Debuting in the Pro League at the Youngest Age of 9, Pro Ping Pong Prodigy Misora Matsushima: “I Don’t Want to be No. 2”
Whenever I play an important match, I write words on my hand to get myself fired up!
I will not give up.
Let’s not give up.
Miku Matsushima, who made her debut in the Nojima T-League professional table tennis league on October 22 at the age of 9, the youngest player ever to play in the league, wrote the words on the back of her right hand.
She said, “In important matches, I write words on my hand to get myself fired up! In my league debut match, I decided to go for it and never give up.”
Matsushima recalls in a firm tone of voice. Her opponent was Miwa Zhang (younger sister of World No. 2 Tomokazu), who had entered the tournament in February ’19 at the age of 10 and held the record for the youngest player to date. 30 cm taller Zhang took five consecutive points in the second game and briefly led, but lost in straight sets 0-3. She lost 0-3 in straight sets.
I’m still not good enough, but it’s frustrating to lose. I want to become stronger and win a gold medal at the Olympics in the future.
Matsushima, who speaks with an innocent smile, started playing table tennis when he was two years old. His father, Takashi, and mother, Yumi, are both former table tennis players, and his grandparents, Hiroshi and Kazuko Tasaka, are instructors at the Tasaka Table Tennis Hall (Fushimi-ku, Kyoto). They grew up in an environment where racquets and balls were close at hand. Takuji says, “I also played ping-pong at the Tasaka Table Tennis Kaikan.”
I also taught at the Tasaka Table Tennis Hall, so Misora would often take naps in the practice room. The sound of table tennis was her lullaby.
”Even if it’s just a mascot thing.”
Matsushima has broken many records as the youngest player ever. In October 2021, Matsushima became the first second grader in elementary school to win four matches and place in the top 16 at the All-Japan Championships in the cadet division (under 13 years old). In January of this year, he was selected to represent Japan in the 12 and under age group. In May, Kyoto Kaguyarise, a new entrant in the T-League, made an offer to Matsushima.
Matsushima said, “No matter how good she is against elementary school students, she is still just a kid and won’t be a competitive player. She may be a mascot. Nevertheless, she accepted the offer because it would definitely be a plus for Misora. She can learn a lot from professional players, such as their attitude toward games and preparation in advance,” said Takuji.
Matsushima chose “1” as her number.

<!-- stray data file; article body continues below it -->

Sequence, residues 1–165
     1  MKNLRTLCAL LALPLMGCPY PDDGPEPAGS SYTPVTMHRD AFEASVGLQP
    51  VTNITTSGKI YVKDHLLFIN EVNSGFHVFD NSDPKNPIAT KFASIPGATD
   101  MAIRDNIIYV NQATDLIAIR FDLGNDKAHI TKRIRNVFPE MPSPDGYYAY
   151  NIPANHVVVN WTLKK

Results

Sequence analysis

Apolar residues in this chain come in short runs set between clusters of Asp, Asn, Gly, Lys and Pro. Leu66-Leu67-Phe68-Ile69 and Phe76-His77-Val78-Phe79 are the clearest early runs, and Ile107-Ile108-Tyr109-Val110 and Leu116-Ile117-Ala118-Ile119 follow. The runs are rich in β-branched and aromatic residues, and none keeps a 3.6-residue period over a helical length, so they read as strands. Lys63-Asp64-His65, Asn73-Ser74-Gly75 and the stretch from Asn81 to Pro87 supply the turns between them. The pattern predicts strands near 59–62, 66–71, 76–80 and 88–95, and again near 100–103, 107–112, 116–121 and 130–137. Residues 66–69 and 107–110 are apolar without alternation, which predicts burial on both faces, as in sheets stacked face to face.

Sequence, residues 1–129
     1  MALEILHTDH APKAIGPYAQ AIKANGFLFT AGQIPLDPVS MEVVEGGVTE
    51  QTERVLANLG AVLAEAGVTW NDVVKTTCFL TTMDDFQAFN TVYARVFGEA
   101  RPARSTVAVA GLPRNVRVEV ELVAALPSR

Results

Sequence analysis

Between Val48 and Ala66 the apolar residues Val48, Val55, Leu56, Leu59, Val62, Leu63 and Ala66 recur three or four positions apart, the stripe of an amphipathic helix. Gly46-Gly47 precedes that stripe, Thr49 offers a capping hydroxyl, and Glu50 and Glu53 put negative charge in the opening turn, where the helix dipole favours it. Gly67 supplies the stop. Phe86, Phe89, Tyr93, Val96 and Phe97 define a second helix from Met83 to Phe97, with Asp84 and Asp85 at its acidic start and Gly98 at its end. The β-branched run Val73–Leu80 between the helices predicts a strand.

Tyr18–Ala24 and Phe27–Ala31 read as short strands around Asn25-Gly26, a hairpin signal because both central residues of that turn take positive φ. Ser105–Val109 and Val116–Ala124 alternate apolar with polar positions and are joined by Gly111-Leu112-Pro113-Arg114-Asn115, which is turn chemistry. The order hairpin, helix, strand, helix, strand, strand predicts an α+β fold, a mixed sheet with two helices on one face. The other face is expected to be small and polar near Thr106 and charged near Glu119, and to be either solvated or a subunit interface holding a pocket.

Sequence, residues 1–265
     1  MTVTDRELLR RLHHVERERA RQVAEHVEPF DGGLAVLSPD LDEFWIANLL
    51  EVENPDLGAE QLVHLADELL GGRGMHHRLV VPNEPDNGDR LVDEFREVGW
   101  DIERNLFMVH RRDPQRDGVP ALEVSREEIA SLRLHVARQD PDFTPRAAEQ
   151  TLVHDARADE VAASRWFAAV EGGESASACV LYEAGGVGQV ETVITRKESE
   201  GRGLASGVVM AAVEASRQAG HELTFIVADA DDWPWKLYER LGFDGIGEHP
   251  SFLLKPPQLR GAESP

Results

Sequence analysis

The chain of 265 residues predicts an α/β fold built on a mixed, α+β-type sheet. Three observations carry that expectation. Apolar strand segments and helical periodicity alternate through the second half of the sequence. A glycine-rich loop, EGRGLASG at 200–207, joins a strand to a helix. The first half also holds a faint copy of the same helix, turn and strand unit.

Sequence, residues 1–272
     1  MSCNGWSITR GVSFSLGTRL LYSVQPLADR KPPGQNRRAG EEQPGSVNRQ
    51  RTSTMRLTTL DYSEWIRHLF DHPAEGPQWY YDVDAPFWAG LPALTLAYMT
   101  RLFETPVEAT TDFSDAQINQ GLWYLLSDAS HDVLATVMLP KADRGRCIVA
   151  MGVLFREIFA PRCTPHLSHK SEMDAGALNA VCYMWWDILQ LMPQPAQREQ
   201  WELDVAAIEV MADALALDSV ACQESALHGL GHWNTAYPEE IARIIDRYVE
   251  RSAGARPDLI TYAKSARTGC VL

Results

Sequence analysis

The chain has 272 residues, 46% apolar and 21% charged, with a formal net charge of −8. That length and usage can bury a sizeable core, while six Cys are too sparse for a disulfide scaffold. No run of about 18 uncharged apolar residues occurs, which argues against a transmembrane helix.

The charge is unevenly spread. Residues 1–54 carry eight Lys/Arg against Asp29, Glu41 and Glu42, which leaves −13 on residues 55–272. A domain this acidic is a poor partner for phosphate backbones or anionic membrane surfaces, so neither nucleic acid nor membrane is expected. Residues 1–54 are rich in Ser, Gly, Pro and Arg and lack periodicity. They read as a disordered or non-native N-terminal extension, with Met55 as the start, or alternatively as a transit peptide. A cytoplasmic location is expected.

I don’t want to be number two. I always want to be at the top.
Takuji does not spoil Matsushima just because she is his daughter. She practices four hours after school on weekdays and eight hours on weekends. On Sundays, she runs 4.5 km round trip to the nearby Fushimi Inari Taisha shrine, which she has done since she was 3 years old. He sometimes makes Matsushima cry with his harsh words.
“Children tend to express their frustration when things don’t go well,” he says. Sometimes an unlucky goal can cause them to throw the game away. Misora, in particular, is very competitive and demands a perfect 10-0 win; a win is a win even at 6-4, but she becomes sad after just one point is scored. When that happens, I tell her that she is not a professional. It is important for a professional to always be in a stable state of mind. Misora often says, ‘I will do my best so that people will support me,’ but she must be aware that she is in a position to be watched by fans,” says Takuji.
Matsushima has a player she admires. Mima Ito, who, along with Jun Mizutani, won Japan’s first gold medal in table tennis history in the mixed doubles event at the Tokyo Olympics held in July 2021.
“It’s amazing that she smiles even when she loses,” said Ito. I want to learn from her as a professional.
The table tennis prodigy continues to practice hard with the goal of one day competing on the same world stage as Ito.
Matsushima / Born in June ’13 in Kyoto, Japan. 133 cm, 31 kg. 4 siblings, 2 brothers and 1 sister. All of them play table tennis. Her eldest son, Terukora, made his debut in the T-League in February 2021, when he was 13 years old, making him the youngest male table tennis player in history.
Photo： Kei Kato